Financial support and sponsorship


Conflicts of interest

There are no conflicts of interest.

  References Top

Inokoshi S, Burrow MF, Kataumi M, Yamada T, Takatsu T. Opacity and color changes of tooth-colored restorative materials. Oper Dent 1996;21:73-80.  Back to cited text no. 1
Yannikakis SA, Zissis AJ, Polyzois GL, Caroni C. Color stability of provisional resin restorative materials. J Prosthet Dent 1998;80:533-9.  Back to cited text no. 2
Ergücü Z, Türkün LS, Aladag A. Color stability of nanocomposites polished with one-step systems. Oper Dent 2008;33:413-20.  Back to cited text no. 3
Catelan A, Briso AL, Sundfeld RH, Goiato MC, dos Santos PH. Color stability of sealed composite resin restorative materials after ultraviolet artificial aging and immersion in staining solutions. J Prosthet Dent 2011;105:236-41.  Back to cited text no. 4
Buyukyilmaz S, Ruyter IE. Color stability of denture base polymers. Int J Prosthodont 1994;7:372-82.  Back to cited text no. 5
Bagheri R, Burrow MF, Tyas M. Influence of food-simulating solutions and surface finish on susceptibility to staining of aesthetic restorative materials. J Dent 2005;33:389-98.  Back to cited text no. 6
Khokhar ZA, Razzoog ME, Yaman P. Color stability of restorative resins. Quintessence Int 1991;22:733-7.  Back to cited text no. 7
Samra AP, Pereira SK, Delgado LC, Borges CP. Color stability evaluation of aesthetic restorative materials. Braz Oral Res 2008;22:205-10.  Back to cited text no. 8
Domingos PA, Garcia PP, Oliveira AL, Palma-Dibb RG. Composite resin color stability: Influence of light sources and immersion media. J Appl Oral Sci 2011;19:204-11.  Back to cited text no. 9
Bala O, Olmez A, Kalayci S. Effect of LED and halogen light curing on polymerization of resin-based composites. J Oral Rehabil 2005;32:134-40.  Back to cited text no. 10
Nordbö H, Attramadal A, Eriksen HM. Iron discoloration of acrylic resin exposed to chlorhexidine or tannic acid: A model study. J Prosthet Dent 1983;49:126-9.  Back to cited text no. 11
Raptis CN, Powers JM, Fan PL, Yu R. Staining of composite resins by cigarette smoke. J Oral Rehabil 1982;9:367-71.  Back to cited text no. 12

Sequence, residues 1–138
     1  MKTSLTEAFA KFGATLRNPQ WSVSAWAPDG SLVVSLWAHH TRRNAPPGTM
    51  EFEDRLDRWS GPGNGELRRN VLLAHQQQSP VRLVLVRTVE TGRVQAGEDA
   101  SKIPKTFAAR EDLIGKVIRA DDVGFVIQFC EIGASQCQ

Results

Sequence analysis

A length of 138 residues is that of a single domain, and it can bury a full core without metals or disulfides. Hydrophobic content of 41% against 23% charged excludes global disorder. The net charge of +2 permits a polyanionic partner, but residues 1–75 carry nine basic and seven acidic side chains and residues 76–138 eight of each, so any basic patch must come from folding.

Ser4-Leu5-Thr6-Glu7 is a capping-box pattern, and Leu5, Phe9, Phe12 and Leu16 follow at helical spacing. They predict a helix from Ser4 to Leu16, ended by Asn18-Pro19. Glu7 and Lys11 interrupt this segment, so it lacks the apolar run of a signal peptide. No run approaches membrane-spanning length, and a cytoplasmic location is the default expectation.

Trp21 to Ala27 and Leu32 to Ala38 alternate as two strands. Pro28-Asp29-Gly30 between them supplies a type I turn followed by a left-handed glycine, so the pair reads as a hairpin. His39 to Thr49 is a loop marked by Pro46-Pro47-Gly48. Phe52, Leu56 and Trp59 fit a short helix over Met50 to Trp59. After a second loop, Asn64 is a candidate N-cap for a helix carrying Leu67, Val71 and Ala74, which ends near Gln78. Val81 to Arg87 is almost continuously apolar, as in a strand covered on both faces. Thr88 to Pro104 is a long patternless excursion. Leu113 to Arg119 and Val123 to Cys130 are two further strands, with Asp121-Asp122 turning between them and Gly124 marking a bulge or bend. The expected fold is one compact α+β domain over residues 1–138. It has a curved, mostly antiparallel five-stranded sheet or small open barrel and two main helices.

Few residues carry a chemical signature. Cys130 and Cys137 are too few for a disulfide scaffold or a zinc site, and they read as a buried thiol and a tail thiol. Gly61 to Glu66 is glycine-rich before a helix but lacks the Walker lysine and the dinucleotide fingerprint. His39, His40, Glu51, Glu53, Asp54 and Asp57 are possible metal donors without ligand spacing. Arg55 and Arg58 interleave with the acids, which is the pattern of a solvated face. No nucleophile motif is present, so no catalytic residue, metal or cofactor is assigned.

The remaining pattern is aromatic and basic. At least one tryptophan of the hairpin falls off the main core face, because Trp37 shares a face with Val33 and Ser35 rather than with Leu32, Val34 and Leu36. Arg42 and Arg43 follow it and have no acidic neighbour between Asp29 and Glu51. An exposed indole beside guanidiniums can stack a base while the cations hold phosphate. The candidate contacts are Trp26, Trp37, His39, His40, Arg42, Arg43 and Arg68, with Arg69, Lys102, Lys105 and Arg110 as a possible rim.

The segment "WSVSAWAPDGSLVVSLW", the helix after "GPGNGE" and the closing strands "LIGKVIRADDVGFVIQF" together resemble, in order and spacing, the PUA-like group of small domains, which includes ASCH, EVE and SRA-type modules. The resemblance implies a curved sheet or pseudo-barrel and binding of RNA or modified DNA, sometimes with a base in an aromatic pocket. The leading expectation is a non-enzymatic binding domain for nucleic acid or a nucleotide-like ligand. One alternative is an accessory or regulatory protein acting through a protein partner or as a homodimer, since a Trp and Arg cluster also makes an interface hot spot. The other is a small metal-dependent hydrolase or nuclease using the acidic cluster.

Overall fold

Powers JM, Fan PL, Raptis CN. Color stability of new composite restorative materials under accelerated aging. J Dent Res 1980;59:2071-4.  Back to cited text no. 13
Fay RM, Servos T, Powers JM. Color of restorative materials after staining and bleaching. Oper Dent 1999;24:292-6.  Back to cited text no. 14
Guler AU, Yilmaz F, Kulunk T, Guler E, Kurt S. Effects of different drinks on stainability of resin composite provisional restorative materials. J Prosthet Dent 2005;94:118-24.  Back to cited text no. 15
Luce MS, Campbell CE. Stain potential of four microfilled composites. J Prosthet Dent 1988;60:151-4.  Back to cited text no. 16
Strohaver RA, Mattie DR. A scanning electron microscope comparison of microfilled fixed prosthodontic resins. J Prosthet Dent 1987;57:559-65.  Back to cited text no. 17
Abu-Bakr N, Han L, Okamoto A, Iwaku M. Color stability of compomer after immersion in various media. J Esthet Dent 2000;12:258-63.  Back to cited text no. 18
Villalta P, Lu H, Okte Z, Garcia-Godoy F, Powers JM. Effects of staining and bleaching on color change of dental composite resins. J Prosthet Dent 2006;95:137-42.  Back to cited text no. 19
Hubbezoglu I, Akaoglu B, Dogan A, Keskin S, Bolayir G, Ozçelik S, et al. Effect of bleaching on color change and refractive index of dental composite resins. Dent Mater J 2008;27:105-16.  Back to cited text no. 20